Think back to what social media was like five years ago. You probably had some combination of accounts on Facebook, Twitter, Instagram and LinkedIn. You posted work stuff on LinkedIn and some mix of personal stuff on the other three. Posting was as simple as typing in your text, attaching an asset or pasting in a link and clicking the button.

My, how things have changed. Posting today almost requires a PhD in “where to click.” You can add sound, stickers, filters, effects. You can edit the length of your video, add looping, tag your location, tag your friends, cross-post to other platforms and hashtag your brains out. You need landscape for Twitter, but vertical video works best on Facebook or Tik Tok, and you need a square for Instagram, of course. You could choose a Boomerang or a Layout, you can re-order your photos and create a custom frame. Click here to add to your story, click here to make a post, click here for Reels, or go to your profile and click in other places to do the same things. What used to be a simple process has now become unbelievably complex. This is one of the reasons corporate social media teams are stretched so thinly – every post requires a multitude of variations and tweaks per platform, per format, per everything. It’s just way more complicated and difficult than it used to be.

Here’s my warning at large for the industry: There WILL be a point at which users decide it is not worth their time or effort.

Just like web developers know that people will not click three or four different links to finally get to the page they want, social media users won’t post as often if they have to click 12 different things and spend 10 minutes per post. One of the things that originally drew people to social media back in the day was the ease of sharing things with your network. If you take that away, user numbers will definitely decline. It’s human nature.

 Add in the privacy concerns, data breaches and other things that have users concerned about social media at large, and it’s truly just a matter of time before we start to see user numbers decline or stagnate. In fact, the latest data from the Pew Research Center seems to indicate it’s already happening.

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So while you may not be mourning the passing of Fleets, there are some key takeaways for the social media industry at large from these sorts of announcements:

Your users should dictate new features. New features are fun, and true innovation within social media is great. But choose your new features wisely, develop them thoughtfully and make sure they are things your users actually want on your platform. Note my hashtags example above. Hashtags came directly from users, not executives – and they are arguably one of the greatest social media innovations of all time.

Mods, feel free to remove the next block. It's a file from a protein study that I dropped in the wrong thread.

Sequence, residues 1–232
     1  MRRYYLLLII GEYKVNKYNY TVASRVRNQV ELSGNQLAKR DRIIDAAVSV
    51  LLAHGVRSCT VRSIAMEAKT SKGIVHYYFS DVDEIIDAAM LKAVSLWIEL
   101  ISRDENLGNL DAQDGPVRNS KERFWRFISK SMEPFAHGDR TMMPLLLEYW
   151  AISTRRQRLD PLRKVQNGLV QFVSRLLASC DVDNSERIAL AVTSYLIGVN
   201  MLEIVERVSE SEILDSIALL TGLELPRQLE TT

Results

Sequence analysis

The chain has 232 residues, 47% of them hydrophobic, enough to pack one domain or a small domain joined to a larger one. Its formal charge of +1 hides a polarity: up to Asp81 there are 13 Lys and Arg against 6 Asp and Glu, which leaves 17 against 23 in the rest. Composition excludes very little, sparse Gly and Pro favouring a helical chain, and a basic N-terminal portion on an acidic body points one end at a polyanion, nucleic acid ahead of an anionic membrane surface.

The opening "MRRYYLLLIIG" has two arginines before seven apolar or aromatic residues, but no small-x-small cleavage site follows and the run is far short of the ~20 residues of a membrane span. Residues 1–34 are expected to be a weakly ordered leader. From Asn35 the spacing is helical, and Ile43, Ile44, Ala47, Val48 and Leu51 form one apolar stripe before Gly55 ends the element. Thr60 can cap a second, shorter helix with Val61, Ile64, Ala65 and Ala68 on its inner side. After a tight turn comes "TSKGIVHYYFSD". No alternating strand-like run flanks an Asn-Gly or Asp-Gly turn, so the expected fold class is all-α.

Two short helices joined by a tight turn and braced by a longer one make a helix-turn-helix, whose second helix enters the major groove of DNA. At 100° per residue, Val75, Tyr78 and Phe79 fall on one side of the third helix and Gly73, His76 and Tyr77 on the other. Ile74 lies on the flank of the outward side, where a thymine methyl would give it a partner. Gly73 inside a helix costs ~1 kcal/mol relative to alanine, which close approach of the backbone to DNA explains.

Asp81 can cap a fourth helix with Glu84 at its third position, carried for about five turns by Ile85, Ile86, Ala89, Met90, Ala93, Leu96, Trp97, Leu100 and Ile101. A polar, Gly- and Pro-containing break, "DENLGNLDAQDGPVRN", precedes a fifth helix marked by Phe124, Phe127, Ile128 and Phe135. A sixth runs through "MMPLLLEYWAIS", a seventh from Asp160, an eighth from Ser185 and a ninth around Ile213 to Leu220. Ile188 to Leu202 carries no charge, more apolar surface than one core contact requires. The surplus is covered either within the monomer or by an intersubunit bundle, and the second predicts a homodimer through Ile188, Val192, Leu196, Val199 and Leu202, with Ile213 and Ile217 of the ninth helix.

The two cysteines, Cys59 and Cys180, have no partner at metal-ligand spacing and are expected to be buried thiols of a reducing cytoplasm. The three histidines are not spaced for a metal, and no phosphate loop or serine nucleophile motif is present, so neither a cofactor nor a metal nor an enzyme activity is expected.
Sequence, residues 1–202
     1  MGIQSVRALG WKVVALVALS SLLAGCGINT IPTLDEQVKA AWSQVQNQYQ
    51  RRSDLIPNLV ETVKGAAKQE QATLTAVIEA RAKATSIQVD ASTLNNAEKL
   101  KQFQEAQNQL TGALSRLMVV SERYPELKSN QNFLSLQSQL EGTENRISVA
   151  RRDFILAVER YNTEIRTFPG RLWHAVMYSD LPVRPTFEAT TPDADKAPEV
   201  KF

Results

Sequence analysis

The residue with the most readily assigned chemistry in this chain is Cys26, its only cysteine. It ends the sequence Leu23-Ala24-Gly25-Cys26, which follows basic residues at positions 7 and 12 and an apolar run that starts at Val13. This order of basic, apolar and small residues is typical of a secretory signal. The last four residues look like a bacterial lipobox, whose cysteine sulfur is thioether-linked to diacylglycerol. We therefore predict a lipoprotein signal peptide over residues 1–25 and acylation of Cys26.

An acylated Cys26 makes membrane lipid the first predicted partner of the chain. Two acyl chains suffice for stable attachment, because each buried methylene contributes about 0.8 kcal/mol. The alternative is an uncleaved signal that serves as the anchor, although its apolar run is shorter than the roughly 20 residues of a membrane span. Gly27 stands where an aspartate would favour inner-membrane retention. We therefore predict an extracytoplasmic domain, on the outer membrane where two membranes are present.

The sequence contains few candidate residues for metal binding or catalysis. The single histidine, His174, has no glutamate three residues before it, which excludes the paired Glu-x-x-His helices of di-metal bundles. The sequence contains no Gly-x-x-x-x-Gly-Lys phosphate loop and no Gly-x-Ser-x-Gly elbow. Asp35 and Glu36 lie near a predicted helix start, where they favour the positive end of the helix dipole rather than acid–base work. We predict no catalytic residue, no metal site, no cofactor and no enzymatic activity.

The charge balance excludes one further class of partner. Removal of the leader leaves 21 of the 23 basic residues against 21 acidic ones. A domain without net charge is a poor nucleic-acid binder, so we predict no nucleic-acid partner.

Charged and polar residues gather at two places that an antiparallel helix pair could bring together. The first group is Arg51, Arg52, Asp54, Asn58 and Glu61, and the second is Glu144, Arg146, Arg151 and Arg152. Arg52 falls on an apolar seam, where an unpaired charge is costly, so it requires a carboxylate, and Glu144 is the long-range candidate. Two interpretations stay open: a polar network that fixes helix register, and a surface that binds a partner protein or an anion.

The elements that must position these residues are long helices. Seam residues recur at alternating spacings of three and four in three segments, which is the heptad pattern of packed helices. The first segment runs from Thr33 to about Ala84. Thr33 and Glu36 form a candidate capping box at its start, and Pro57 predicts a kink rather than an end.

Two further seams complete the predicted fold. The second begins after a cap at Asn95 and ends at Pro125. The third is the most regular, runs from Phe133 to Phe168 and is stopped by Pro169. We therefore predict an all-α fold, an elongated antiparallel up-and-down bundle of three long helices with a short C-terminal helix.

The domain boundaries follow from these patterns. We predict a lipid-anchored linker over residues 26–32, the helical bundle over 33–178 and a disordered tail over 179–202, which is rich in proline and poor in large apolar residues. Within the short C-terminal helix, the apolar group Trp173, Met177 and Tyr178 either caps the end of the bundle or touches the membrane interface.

Stop with the FOMO. If you’re going to invest all the time and resources into developing new features, don’t simply copy your competition because you’re afraid of missing out on the next big thing. The social media business is so fragmented now with so many players that you are never going to own 100% of the pie. And to be honest, by the time you catch up, you just look like a copycat, and users are wise to that game.

Listen to your users. They will tell you what they want. If you check out the tweet announcing the end of fleets, dozens of users have chimed in asking Twitter (again) for an Edit button. Despite this being probably the No. 1 requested feature on Twitter, it’s crickets over at Twitter HQ.

Keep it simple, stupid. Don’t make posting so complicated that people need an instruction manual. Posting should be easy and fun, no matter who you are. If you can’t make it easy and fun, users will stop posting, and then no one wins.

Sue Serna

Sue Serna is a Consultants Collective member consultant and the founder and CEO of Serna Social, a social media consulting agency focused on social media governance, risk, security and strategy. Sue is one of the nation’s top experts on social media safety and spent nearly nine years leading the global social media program for Cargill, one of the largest private companies in the United States. Sue pioneered many industry best practices that the world’s largest companies use to keep their social media footprints safe. While in that role, Sue managed Cargill’s more than 50 partner relationships with social media agencies around the world. In addition, Sue is an accomplished social media trainer and an established communicator with a passion for creating compelling content. In 2022, she was named to the Advisory Committee of the National Institute for Social Media.